Stop & Shop has made its case to the Martha’s Vineyard Commission to rebuild and dramatically expand its anchor grocery store on Upper Main street in Edgartown. Now it is up to commissioners to make sure the plan is not just bigger, but better.

A public hearing has closed, the town clearly wants the project and there are many positives about it, not the least of which is the opportunity to remedy some of the drawbacks of the current property.

Edgartown could have an expanded, modernized grocery store that is also pretty, energy-efficient and village-friendly with better parking, including ample spaces for bikes and walkers. But that will require a bit more negotiation.

On Monday afternoon, the commission’s land use planning committee is scheduled to begin a post-public hearing review, work that includes drafting possible conditions for approval.

Unlike ordinary planning and zoning boards, the commission has a unique charge when considering developments of regional impact: to weigh the benefits and detriments of the project. The commission must consider an array of criteria, including whether the plan is consistent with the town master plan and the commission’s Island Plan, whether it fits with the character of the surrounding area and whether it furthers regional objectives such as promoting sound economies.

And the Stop & Shop plan has its pluses and minuses.

The store has not seen a significant upgrade since 1996 when it was an A&P, and the building could use a facelift and some modernizing, inside and out. The current site is poorly engineered and suffers from severe drainage problems that the new project aims to correct. A planned realignment of the existing entrance and exit to the property is widely seen as an improvement. An expanded building will generate more property tax revenue for the town. Stop & Shop, already a major employer on the Island, has offered to both continue and expand on its current practice of housing employees. The company has also offered to contribute $50,000 a year to the Dukes County Regional Housing Authority, an offer recently applauded by the Edgartown affordable housing committee.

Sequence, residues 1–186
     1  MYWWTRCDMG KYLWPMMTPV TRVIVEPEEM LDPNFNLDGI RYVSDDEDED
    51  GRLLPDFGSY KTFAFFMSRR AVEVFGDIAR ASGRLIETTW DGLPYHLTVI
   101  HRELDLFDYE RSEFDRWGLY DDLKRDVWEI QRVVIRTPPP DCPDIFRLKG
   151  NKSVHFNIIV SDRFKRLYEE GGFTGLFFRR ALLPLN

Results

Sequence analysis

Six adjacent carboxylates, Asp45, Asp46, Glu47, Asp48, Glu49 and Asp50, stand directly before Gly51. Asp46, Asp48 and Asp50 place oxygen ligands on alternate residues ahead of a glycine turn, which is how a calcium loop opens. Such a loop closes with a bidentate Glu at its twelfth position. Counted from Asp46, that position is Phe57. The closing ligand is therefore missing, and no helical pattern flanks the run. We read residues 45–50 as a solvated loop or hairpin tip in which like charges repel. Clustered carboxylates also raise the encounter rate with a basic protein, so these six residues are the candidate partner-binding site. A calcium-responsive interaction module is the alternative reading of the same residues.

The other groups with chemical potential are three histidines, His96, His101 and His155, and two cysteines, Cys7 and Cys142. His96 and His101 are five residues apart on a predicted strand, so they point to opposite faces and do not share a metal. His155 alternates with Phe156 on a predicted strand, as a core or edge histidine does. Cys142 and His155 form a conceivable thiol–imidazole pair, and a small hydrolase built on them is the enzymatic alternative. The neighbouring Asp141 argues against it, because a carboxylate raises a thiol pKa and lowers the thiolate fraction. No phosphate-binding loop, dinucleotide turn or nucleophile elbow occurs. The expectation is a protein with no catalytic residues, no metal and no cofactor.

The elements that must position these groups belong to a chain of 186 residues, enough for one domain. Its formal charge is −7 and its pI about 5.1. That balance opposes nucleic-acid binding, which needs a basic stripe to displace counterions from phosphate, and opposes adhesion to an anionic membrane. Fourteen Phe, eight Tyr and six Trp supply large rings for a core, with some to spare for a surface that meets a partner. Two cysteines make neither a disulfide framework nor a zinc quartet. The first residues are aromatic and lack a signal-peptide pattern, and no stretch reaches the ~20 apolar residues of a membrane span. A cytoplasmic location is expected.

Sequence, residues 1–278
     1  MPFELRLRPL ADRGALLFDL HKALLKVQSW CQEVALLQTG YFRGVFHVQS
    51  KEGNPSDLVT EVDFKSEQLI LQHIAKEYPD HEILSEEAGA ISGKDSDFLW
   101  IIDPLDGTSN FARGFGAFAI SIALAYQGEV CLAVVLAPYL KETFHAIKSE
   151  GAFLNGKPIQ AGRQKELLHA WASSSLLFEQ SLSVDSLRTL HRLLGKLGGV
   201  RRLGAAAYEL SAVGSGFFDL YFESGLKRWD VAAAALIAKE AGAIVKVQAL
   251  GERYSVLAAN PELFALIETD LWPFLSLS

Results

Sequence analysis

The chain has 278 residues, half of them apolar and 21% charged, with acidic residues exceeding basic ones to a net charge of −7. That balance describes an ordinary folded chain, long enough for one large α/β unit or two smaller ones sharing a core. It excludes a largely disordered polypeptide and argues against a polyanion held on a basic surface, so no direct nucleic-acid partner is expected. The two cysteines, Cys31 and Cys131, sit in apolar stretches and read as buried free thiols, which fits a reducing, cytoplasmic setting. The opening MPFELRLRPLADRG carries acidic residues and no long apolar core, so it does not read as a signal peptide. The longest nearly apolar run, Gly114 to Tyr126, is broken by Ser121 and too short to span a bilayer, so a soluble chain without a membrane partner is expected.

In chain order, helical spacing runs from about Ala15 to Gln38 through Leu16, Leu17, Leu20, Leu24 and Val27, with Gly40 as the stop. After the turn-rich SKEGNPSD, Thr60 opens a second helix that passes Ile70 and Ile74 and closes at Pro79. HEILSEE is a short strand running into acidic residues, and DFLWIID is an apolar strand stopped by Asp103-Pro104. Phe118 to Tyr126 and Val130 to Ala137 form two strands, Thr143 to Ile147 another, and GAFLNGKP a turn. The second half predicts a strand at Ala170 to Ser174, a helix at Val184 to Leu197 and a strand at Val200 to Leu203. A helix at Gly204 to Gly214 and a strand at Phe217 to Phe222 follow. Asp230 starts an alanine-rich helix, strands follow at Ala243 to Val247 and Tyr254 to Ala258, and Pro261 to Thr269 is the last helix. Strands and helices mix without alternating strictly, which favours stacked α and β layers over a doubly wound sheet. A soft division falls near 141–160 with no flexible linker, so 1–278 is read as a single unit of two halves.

On the downside, the plan is notably lacking in imagination. Commission staff notes show that the large new building — 43,000 square feet in all — will dominate the existing site. (On nearby Cape Cod, guidelines for large commercial buildings recommend breaking up the buildings into smaller units.)

The site already has 40 per cent more parking than required under town zoning and more than is needed even during peak periods, yet the new plan calls for adding more parking. By contrast, far fewer bike spaces are planned than the 60 required under town zoning.

The building is planned to be LEED certified, but there will be no onsite renewable energy. And it appears that what little green space is on the site will be mostly paved over.

Last but not least, traffic congestion is a huge issue. The store site is one of the most notoriously congested traffic sites on the Island for about eight weeks a year. Common sense dictates that a bigger store will generate more traffic, although traffic planners on both sides disagree on the actual numbers. How to deal with the added traffic remains an open question.

Stop & Shop is a giant grocery franchise owned by an even larger Dutch holding company. The expansion plans have been crafted under the company’s real estate division, well up the corporate ladder and far removed from the particular aesthetic and small-town ways of Martha’s Vineyard.

The commission has not just the power, but the responsibility to make sure a building project of this magnitude addresses both the Island’s needs and standards.

Islanders will live with the expansion of Stop & Shop for many years to come. Here’s an opportunity to make sure it is also an improvement.